During the occupancy phase, the BECx Group will work with the owners and maintenance providers in the building. The BECx process continues throughout the lifecycle of the building and monitors warranty enforcement, seasonal testing, and maintenance training.

The OPR (Owner's Project Requirements) is a document that is created by the BECx Group at the start of every project. The OPR provides basic information to assist the project team in planning, designing, constructing and maintaining a durable building enclosure.

The OPR is maintained and adjusted as the project evolves to ensure proper documentation for monitoring the performance goals, cost expectations and operational benchmarks of the building over time. A final OPR presented to the project team should include the entirety of all relevant information.

Contractor Responsibilities During Commissioning

The BECx Group works closely with contractors and project managers to ensure the construction site is accessible when needed for review and testing. BECx providers will coordinate with the contractor to include the shop drawing reviews, mock-ups and field testing within the project schedule. 

The contractor should provide access to lifts, ladders, and any other necessary equipment so testing can proceed. The testing agency may also require water, power, and other critical systems to complete the tests.

Post Commissioning — What Happens?

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The BECx Group responsibilities don’t end after the final report is submitted. They follow the building through its occupancy phase and ensure the staff is properly trained on building enclosure systems maintenance.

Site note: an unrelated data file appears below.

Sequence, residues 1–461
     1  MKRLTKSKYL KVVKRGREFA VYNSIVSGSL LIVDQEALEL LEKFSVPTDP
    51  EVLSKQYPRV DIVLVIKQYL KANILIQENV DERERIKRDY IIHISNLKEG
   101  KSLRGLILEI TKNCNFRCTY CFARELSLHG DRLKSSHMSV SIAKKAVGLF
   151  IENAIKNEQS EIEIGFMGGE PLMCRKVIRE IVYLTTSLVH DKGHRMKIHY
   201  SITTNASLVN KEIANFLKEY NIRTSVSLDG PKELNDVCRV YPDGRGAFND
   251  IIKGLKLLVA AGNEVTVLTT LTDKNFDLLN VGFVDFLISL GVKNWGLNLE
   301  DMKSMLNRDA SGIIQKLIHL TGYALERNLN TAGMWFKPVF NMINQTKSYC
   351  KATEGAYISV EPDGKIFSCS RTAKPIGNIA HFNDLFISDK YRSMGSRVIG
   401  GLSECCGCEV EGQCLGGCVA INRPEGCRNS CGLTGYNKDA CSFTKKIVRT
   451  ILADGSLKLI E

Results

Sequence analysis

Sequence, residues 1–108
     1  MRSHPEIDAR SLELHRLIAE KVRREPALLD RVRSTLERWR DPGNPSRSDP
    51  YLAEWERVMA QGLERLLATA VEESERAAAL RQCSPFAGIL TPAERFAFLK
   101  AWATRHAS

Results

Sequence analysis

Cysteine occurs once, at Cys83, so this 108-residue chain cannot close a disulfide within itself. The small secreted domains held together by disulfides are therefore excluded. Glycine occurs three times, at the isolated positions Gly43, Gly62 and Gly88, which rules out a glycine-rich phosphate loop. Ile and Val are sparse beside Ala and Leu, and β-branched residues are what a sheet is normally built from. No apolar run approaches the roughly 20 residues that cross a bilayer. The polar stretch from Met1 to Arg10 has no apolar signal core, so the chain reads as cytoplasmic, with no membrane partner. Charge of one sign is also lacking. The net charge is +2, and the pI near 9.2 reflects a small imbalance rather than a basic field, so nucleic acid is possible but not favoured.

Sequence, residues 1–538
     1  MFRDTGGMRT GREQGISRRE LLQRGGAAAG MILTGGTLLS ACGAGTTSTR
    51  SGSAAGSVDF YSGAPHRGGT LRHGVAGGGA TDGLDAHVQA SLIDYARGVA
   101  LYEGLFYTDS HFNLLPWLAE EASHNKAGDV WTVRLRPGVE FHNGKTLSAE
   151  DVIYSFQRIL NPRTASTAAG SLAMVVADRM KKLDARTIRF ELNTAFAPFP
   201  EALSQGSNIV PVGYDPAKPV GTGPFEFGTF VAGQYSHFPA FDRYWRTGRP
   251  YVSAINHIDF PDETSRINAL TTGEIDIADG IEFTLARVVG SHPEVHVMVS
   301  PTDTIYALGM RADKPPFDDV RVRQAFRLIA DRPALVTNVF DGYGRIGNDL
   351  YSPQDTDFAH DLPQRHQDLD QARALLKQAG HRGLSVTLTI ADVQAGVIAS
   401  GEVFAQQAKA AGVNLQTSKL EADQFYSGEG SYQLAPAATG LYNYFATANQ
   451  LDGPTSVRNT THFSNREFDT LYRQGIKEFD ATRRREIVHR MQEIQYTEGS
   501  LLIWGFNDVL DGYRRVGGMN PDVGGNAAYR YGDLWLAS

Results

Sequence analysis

During the post-occupancy phase, the BECx Group will develop a Building Enclosure Maintenance Manual. According to the National Institute of Building Sciences, the Building Enclosure Maintenance Manual should include an overview of all enclosure types and systems with the purpose and location of each component.

In order to verify the building is performing to expectations, the team will conduct periodic, seasonal walkthroughs for warranty purposes and ongoing monitoring. The building performance observations will be shared with the owner, architect and construction teams.

A maintenance and inspection schedule is included, along with warranties, record drawings, submittals, attic stock listing, spare parts and storage location, as well as a recommended service schedule and replacement schedule. The purpose of this document is to provide information to the building's owners, maintenance staff and engineers to ensure the building is properly maintained over time.

Conclusion

BECx can seem complicated but it is a vital tool to maximizing the ultimate efficiency and performance of any building project.

The commission process allows a third-party to review, observe, and establish confidence and assurance in that the building and owner’s project requirements are being complied with throughout each and every step of the design and construction process.

We understand that BECx can be tricky to understand, but hopefully, this article provides helpful insights and actionable knowledge. For more information about BECx, please refer to part one of this two part series.